This post is part 2 of a four part series in which I'm reflecting on Hanna Rosin's article, "The Overprotected Kid" and thinking about risk and kids. You can find Part 1 here.
My oldest started walking to school by herself when she was in first grade. My husband and I had purposely bought a house near their little public school so that the girls could eventually walk themselves to school, but I didn’t expect it to happen when Kate was quite so young.
In January of Kate’s first grade year, I got the flu so badly—about four times in a row in just that month—that one day I could not get out of bed to walk her to school. I simply said, “Kate, you’re going to have to do this on your own today. You know the way and you know all the neighbors, so if anything happens, knock on one of their doors. And I can watch you from the window until you get almost all the way there, so you really don’t have to worry.”
That morning my little girl practically skipped out of the house.
Sure, she was a little nervous, but I watched from the window, as promised, until she turned the corner and was just a few feet from the school grounds. She made it safely. And then she made it safely the next day. And the next day. And the next. For the next few years. I’d go with her on most days, but if I couldn’t, she knew she could make the walk by herself.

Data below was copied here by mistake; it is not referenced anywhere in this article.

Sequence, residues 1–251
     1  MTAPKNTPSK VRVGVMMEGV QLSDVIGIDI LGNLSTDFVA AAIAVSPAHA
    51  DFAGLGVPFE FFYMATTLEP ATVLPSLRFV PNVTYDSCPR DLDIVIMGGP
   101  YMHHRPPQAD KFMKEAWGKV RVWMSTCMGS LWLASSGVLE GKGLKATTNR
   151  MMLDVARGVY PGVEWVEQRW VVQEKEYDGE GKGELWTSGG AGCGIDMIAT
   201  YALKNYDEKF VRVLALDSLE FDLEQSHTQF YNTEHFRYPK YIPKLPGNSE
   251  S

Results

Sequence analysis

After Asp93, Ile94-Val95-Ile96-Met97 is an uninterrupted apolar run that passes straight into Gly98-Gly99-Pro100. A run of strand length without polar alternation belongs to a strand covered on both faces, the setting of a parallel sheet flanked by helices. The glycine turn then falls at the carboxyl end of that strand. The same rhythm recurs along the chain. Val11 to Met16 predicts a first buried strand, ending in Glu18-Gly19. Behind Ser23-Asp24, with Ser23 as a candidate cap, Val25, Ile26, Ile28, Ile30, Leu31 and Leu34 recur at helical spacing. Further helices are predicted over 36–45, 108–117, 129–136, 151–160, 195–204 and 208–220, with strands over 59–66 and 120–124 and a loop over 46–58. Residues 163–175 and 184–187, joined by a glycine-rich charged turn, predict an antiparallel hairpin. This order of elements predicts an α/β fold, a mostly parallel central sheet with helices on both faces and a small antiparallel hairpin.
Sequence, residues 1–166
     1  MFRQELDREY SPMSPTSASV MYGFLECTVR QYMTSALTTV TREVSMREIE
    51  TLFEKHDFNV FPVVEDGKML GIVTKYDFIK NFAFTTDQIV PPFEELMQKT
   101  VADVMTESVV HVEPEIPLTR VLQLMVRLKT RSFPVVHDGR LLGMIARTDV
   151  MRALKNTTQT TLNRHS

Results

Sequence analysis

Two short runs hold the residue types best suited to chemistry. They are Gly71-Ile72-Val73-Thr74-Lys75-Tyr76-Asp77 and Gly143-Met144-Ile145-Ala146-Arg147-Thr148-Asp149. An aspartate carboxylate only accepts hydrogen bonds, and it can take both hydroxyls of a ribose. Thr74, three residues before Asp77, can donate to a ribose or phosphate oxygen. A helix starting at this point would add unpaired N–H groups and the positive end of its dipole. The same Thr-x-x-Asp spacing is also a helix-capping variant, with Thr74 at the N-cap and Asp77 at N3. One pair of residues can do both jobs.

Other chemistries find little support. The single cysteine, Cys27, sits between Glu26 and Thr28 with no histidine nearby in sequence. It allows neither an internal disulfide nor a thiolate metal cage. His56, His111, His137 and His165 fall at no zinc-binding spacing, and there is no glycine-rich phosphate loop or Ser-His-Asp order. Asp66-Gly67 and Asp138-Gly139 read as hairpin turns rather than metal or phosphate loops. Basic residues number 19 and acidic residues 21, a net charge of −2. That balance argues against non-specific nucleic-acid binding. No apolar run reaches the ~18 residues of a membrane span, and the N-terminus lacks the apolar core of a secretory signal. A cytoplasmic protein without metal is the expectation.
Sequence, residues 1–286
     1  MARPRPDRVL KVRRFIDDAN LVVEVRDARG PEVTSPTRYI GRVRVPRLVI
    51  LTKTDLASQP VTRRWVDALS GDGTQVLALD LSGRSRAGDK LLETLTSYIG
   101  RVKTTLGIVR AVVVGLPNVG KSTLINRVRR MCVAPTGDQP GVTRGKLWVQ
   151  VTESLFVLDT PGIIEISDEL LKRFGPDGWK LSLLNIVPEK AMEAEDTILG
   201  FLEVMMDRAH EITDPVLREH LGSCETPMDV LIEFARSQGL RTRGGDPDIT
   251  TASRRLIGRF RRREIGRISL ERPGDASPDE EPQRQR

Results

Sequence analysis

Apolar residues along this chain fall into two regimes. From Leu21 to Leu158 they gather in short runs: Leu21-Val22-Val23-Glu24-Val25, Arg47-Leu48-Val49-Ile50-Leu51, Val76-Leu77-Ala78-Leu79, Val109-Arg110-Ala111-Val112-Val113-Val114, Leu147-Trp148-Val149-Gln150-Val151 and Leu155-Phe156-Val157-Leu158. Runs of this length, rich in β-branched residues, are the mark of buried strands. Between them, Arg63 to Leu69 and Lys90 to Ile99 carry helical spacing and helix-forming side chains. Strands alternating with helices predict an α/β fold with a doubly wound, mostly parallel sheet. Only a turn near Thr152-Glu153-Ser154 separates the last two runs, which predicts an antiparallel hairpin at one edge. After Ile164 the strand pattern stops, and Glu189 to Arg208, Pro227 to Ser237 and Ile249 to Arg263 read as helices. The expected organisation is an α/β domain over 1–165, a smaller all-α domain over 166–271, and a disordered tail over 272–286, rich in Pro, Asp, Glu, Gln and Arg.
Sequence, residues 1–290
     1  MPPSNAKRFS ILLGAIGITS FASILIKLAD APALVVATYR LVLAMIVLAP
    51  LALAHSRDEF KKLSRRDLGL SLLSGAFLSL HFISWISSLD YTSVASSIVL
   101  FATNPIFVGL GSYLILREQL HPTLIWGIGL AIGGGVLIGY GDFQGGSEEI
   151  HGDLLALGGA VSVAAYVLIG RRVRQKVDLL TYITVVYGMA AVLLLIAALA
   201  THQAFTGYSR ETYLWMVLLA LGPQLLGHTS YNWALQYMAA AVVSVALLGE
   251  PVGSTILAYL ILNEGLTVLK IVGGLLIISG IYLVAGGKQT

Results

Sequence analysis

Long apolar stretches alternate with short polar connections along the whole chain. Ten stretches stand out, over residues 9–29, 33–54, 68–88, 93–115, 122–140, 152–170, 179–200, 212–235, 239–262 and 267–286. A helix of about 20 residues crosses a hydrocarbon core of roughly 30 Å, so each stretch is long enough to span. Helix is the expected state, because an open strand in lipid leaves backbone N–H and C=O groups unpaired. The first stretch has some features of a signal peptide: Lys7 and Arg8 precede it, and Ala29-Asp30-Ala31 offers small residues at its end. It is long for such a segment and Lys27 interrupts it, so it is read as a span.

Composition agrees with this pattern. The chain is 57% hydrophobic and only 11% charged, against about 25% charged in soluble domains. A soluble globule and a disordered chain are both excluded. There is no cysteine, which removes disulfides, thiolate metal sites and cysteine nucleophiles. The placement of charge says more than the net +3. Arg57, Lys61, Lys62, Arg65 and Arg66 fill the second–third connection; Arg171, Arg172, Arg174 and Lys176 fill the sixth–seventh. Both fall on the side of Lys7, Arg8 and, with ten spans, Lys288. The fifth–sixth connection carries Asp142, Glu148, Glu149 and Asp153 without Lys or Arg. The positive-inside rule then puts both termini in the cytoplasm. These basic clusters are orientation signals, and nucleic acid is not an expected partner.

I think it made her feel grown up.
Was I being stupid to let her walk to school on her own at six years old? Obviously I didn’t think so then, and I don’t think so now.
I would never let her take unnecessary risk, but a certain amount of risk (in which I'm watching from the window), at the appropriate time, I think, helps build confidence.
Hanna Rosin's article describes "the Land," a park in Wales where kids are pretty much allowed to roam free and do whatever they want, with very little supervision. She writes, "When Claire Griffiths, the Land’s manager, applies for grants to fund her innovative play spaces, she often lists the concrete advantages of enticing children outside: combatting obesity, developing motor skills. She also talks about . . . encouraging children to take risks so they build their confidence."
I want to raise confident children. Children who are aware of their surroundings, but who also have enough common sense to get themselves out of a tricky situation every once in a while. (And, frankly, I'd rather not know about some of those tricky situations.) Children who are confident in the decisions they make for themselves. Children who can navigate life on their own without looking over their shoulder.
So far, I think we're doing that.
How about you? What small steps have you taken to instill confidence in your kids? What are some appropriate small risks you can allow your kids to take that might help instill confidence in them?